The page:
• Tell me about the mechanisms you employed to keep your data clean.

Answers you don’t want are “none” or “I don’t own the data.” Someone who runs a marketing automation platform must know the data inside and out, which is the only path to ownership.

Good answers will include simple data maintenance programs in marketing automation to facilitate things like blocklisting competitors, populating “Job Role” off “Job Title” data and other simple marketing automation workflows.

Great answers will include the terms “Data Governance” and “Documentation.” This sort of documentation will include who owns data at every step of the way, specify where data originates, what adjustments to the data happen and who owns each step of the data manipulation process. It would also have explicit rules around duplicates, and managing them.

  • Tell me about the amount of pipeline marketing influences monthly. How did you get that figure?

Answers you don’t want will contain some variation of, “We don’t measure that.”

Good answers will include actual numbers and an understanding of the methodology behind those numbers. They will mention sourcing data (e.g. “Marketing generated a lead from a webinar and that lead eventually became an opportunity”). They should demonstrate that they understand their role is to increase revenue to justify marketing spend.

Great answers will incorporate sourced information, in addition to influenced revenue. It will entail a sentence such as, “In 2020, marketing sourced $500,000 in opportunities and $2.4 million on top of that were influenced by us.” A great answer would also talk about how complex this is in general.  Anyone who has worked through attribution will have scars where they’ve been told by sales the numbers aren’t accurate, or had campaigns picked apart. Anyone with experience has war stories.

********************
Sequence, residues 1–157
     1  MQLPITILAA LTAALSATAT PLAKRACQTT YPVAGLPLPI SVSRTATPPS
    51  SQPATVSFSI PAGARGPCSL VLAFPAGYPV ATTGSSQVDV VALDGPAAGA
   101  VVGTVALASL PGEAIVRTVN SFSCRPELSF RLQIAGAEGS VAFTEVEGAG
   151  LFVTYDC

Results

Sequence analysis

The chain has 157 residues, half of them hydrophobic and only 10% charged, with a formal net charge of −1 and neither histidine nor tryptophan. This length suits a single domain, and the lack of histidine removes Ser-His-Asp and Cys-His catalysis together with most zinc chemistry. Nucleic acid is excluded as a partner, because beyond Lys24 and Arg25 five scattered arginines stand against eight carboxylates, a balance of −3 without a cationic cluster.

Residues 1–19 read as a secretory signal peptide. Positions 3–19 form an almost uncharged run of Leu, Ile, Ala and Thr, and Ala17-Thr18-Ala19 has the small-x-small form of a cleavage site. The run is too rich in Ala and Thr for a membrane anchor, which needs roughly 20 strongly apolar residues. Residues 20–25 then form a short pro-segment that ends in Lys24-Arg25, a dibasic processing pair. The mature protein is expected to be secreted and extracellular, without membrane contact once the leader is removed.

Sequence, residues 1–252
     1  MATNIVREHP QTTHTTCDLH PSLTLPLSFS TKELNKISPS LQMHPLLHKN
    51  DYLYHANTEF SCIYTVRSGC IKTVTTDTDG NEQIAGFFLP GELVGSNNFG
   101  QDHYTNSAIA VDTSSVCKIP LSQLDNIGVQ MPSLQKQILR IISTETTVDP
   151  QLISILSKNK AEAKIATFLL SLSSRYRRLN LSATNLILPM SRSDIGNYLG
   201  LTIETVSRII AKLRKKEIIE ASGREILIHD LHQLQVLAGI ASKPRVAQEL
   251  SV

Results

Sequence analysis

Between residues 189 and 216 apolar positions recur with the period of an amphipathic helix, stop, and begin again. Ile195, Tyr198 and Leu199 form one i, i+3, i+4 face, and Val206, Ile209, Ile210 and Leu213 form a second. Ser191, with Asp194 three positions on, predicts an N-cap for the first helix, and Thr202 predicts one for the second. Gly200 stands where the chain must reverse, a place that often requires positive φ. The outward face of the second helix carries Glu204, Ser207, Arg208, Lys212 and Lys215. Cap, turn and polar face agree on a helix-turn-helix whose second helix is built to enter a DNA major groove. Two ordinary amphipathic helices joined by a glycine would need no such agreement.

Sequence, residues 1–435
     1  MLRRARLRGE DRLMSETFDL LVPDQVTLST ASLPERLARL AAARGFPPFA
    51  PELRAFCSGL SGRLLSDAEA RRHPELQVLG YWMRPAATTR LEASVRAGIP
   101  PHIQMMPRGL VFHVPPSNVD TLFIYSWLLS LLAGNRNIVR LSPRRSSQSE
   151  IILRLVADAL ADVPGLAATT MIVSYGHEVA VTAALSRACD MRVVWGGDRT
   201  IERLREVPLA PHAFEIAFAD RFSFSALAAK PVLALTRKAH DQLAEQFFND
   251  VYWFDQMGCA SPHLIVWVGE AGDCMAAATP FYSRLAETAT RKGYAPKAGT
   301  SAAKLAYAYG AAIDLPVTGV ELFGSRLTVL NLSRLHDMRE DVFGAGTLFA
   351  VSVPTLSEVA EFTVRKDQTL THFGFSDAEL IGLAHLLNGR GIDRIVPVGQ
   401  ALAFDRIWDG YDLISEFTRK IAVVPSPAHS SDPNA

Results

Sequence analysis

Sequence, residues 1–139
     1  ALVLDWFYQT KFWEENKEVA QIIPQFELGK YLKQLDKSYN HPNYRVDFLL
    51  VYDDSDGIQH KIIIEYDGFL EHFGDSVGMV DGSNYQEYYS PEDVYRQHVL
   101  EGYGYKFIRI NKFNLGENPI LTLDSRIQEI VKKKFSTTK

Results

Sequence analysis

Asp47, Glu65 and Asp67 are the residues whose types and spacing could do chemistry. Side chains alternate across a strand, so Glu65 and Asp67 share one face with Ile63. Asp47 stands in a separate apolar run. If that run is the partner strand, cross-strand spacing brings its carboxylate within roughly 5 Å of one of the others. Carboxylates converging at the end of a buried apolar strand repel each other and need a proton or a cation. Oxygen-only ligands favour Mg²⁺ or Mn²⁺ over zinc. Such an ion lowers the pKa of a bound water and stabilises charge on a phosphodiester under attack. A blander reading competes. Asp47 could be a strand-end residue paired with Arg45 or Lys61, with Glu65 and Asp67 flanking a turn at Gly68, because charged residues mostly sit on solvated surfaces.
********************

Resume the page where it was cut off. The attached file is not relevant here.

Marketing campaign reporting tools, like Bizible, are aiming to provide advanced weighting options for influence, but still, issues with spend on brand persist. And, in our humble opinions, that’s okay. Regardless of your philosophical stance here, knowing that your MA expert is thinking about this critically is what you’re after.

In closing

To hire and retain top marketing talent, it’s important to interview for these specific skills. And, while hiring the right people is critical to your company’s growth, encouraging them to continue their education through the various types of marketing training that are available is how you keep the game-changers empowered to change the game. If they’re really a top-notch marketer, they’ll want to ABL (Always Be Learning) anyway.




We couldn’t just give you five questions to ask! Here are more to include in your interview.

  • Tell me about a time when you took on the leadership role, end-to-end with a Marketo project.
  • Which Launchpoint apps have you integrated?
  • What did you design and scale within Marketo?
  • Do you have experience with Revenue Cycle Explorer?
  • Do you have experience with workspaces and, if yes, to what capacity?
  • Rate your skill set from 1 to 5 on the following: Adobe CC, HTML, CSS, etc.
  • Can you give an example of an issue that came up with Marketo and how you solved it?

Happy hiring!

Written By Natsha Ness

Natasha Ness leads the go-to-market team at Shift. She has a blended background in marketing, product, design, UX, and sales where she's helped both small, mid-size and enterprise companies launch new solutions and optimize their existing. When she's not dabbling in the latest technology or building a campaign, she spends her free time with her two girls and husband, likely watching an anime together.